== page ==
Friday, 25 October 2013

Disappearing Mangroves - 19 Oct 2013

In his book "While Flocks Last", Charlie Elder realised that everyone can make a difference to nature conservation, by simply going out and enjoying the countryside and making it known why. So there's another good reason to go birdwatching more often. We set off to Kuala Selangor Nature Park once again to the Festival of Wings (organised by the Malaysian Nature Society). The weather was not good though and the sky was overcast so I gotta pull myself out of bed literally....

Right at the entrance to the park, we're greeted by these tiny Coppersmith Barbet birds perched high on a dead tree. According to the organisers, they spotted 19 of them. 


Unlike previous years, this festival was a 1-day event only. So, we have all the student groups as well as public activities crammed into the same day. The blaring music and noise from the crowds would make the mission to spot any birds or animals very very hard! More to walking around enjoy the mangrove and creating an appreciation for nature.

Mangrove walkabout with a guide

 A huge water monitor lizard

A little heron on a lake with the versatile mudskippers swim, hop, crawl...and even climb trees!

We didn't manage to finish the mangrove walk last year cos we're rushing to join the river cruise. This year, we made sure we've sufficient time to cover the walk. Maybe it's the noise from the crowds, the overcast weather or poor maintenance, we saw less wildlife and rubbish strewn around the site. Previously, the silver-leaf monkeys were a common sight, but we'd seen none this round, only some macaques.

Colourful fiddler crabs, tree crabs and hermit crabs in snail shells


Look out for pools of water in the mudflat. Mudskipper defends its own territory by creating its own private pool!

We came more prepared this year for Brandon's pit stops. Our dedicated guide waited patiently behind him all the way.....

While Wei busied himself climbing the mangrove tree....

Wei also spotted these cotton stainer bugs. We saw a couple of skinks, small tree birds, and of course a few soaring raptors who're local residents of the park.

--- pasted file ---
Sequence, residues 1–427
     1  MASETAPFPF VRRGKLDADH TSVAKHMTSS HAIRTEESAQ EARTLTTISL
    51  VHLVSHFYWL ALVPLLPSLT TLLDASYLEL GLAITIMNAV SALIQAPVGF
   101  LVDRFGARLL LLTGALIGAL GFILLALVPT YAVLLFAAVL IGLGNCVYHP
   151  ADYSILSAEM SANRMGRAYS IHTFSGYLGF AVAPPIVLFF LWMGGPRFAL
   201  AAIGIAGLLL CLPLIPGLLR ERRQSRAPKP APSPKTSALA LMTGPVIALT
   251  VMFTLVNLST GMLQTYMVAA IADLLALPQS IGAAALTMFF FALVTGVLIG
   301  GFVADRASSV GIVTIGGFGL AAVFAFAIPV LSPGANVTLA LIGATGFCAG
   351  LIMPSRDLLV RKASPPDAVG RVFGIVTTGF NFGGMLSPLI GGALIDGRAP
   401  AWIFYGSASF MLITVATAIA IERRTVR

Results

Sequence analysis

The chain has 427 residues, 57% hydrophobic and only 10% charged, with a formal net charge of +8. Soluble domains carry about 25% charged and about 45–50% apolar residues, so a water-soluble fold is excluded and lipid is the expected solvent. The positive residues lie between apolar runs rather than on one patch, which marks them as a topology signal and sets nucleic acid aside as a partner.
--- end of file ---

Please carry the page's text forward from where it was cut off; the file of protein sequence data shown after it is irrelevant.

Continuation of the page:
The sea hibiscus and mangrove apple are some of the interesting plants in the mangrove. Some insects like ants and cotton stainer bugs feed on the sea hibiscus and the fibres from the plant are also useful for making cords for fishing. These plants provide refuge and food for a variety of flora and fauna, and a natural water filter, thus important to stabilise the coastal and river banks. 

Exotic coffee from civet poop anyone?? I couldn't help but wish I have a cuppa coffee while relaxing here. 

 We're one of the 2 families who have the privilege to join the afternoon river cruise, cos the students have more or less filled up the places. We're almost caught in a heavy downpour. The rain came pouring right after we're in the bus. 

But the wind was strong and tide was very high during the cruise, thus we didn't see any water birds feeding on the shallow water.

 We saw the usual water birds - egrets, herons and storks, and also the common terns and gulls, flying above our heads and looking for shelters before the storm. The school students were more thrilled by the fast boats and racing with one another on the boats. This year, we're a bit disappointed not seeing any waders or plovers despite being the season for such migratory birds.

Here is a Brahminy Kite. A few of the birds of prey including the white-bellied sea eagles are local residents of the  mangrove.

Our only group photo at one of Brandon's pit stops!

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